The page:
I think that art teachers have used this as rationale for not doing or
showing nudes or other images along that line. Of course, age level is
another factor, but when kids are dying because of these images. I feel
that some things have to be off-limits.
Teresa Sheffey writes:
>I worked for awhile in an alternative school in Illinois, and the first
>inservice they held was on gang symbols. We were told not to let them write
>these things: 5 pointed stars, eight balls, certain color combinations, etc.
>As an art teacher I had a hard time with the whole thing. I tried to talk to
>the kids about gang symbols. We talked about "symbols in art and throughout
>history" and how they were used by cultures. I tried to get them to see that
>symbols are somehow part of who we are and can express greater meaning.
>But one day, a student in another class wrote certain
>numbers on the board with pitchforks pointing down, and 5 minutes later, a
>large gang fight broke out. The kids just broke up into two groups and all
>hell broke loose.
>So there is a reality to this use of symbols to identify different gang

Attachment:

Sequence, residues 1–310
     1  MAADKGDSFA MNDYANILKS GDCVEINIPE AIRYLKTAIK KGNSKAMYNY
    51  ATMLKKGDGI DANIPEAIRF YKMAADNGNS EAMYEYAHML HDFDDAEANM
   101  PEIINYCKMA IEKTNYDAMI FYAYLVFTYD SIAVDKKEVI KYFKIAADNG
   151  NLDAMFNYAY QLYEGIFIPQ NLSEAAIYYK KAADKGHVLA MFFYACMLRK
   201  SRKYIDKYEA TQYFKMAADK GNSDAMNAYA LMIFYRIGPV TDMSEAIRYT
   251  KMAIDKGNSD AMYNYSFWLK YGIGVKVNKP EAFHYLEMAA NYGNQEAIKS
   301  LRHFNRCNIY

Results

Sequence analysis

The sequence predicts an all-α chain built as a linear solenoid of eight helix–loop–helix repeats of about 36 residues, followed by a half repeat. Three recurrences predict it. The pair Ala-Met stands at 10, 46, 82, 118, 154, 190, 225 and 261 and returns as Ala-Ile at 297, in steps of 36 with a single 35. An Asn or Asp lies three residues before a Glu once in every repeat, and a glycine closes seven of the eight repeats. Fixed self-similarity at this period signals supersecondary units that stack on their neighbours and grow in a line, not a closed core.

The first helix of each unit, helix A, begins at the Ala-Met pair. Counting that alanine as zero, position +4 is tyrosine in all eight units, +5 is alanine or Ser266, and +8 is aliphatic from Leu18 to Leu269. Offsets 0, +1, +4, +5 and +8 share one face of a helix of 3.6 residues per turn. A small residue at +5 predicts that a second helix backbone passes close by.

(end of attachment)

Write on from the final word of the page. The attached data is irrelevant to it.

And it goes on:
>Now I have moved to El Paso and there are different gangs here, lots of
>tagging.The school that I am going to be working for has put out a dress
>code to the students....they cannot wear baggy pants, sports shirts, buckles
>with initials, or use old english calligraphy. I know when I begin to teach
>in July, I am going to encounter gang symbols in the art room.
I learned at my inservice that taggers are mostly non-violent individuals
who mainly vandalize property and that gang members hate taggers, so that
some are now becoming more violent as a result.
>I would be interested in all opinions on how to deal with this. I believe
>that this is bringing more censorship in the schools (no baggy pants?). I do
>not like to censor my students work .
>What is the opinion of the other art teachers being confronted with this issue?
In my mind this is a challenging issue, I hope others have experiences or
opinion to share.